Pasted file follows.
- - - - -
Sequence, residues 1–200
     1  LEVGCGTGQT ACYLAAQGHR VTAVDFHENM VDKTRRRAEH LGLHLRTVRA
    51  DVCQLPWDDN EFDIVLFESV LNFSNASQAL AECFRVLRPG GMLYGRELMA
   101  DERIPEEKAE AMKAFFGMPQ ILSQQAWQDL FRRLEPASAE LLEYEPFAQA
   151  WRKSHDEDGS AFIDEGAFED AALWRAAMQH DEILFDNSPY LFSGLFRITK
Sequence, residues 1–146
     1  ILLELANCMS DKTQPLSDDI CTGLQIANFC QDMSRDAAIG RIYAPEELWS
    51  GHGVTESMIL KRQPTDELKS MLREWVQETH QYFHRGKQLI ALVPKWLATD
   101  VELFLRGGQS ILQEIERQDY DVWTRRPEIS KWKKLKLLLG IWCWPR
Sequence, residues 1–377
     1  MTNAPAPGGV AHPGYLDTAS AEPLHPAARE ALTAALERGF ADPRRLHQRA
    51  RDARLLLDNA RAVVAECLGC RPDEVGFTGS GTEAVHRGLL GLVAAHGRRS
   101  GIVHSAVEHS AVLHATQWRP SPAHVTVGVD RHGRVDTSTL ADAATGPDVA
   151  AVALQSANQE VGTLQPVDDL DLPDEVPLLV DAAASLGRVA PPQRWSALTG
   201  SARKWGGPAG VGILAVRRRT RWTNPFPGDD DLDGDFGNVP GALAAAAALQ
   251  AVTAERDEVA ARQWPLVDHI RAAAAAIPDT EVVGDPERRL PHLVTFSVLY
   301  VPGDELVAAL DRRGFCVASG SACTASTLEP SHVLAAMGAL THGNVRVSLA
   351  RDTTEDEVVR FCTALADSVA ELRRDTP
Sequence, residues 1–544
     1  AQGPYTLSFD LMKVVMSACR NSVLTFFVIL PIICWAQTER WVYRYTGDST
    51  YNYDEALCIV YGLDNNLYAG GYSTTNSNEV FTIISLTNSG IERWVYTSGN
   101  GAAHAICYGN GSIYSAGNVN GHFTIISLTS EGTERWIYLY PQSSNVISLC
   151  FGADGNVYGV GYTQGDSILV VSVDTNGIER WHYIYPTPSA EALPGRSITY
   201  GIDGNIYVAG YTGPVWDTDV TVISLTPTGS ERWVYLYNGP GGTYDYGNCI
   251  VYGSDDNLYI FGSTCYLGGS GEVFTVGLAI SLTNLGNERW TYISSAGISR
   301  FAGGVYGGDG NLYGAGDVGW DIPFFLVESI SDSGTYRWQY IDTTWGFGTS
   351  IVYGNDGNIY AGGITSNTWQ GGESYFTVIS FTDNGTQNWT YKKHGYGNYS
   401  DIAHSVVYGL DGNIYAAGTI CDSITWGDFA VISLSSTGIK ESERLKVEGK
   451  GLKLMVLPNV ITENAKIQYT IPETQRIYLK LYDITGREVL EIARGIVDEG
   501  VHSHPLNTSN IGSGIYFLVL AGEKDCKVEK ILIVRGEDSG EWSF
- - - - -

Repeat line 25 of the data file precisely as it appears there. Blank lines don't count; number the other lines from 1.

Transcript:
   251  VYGSDDNLYI FGSTCYLGGS GEVFTVGLAI SLTNLGNERW TYISSAGISR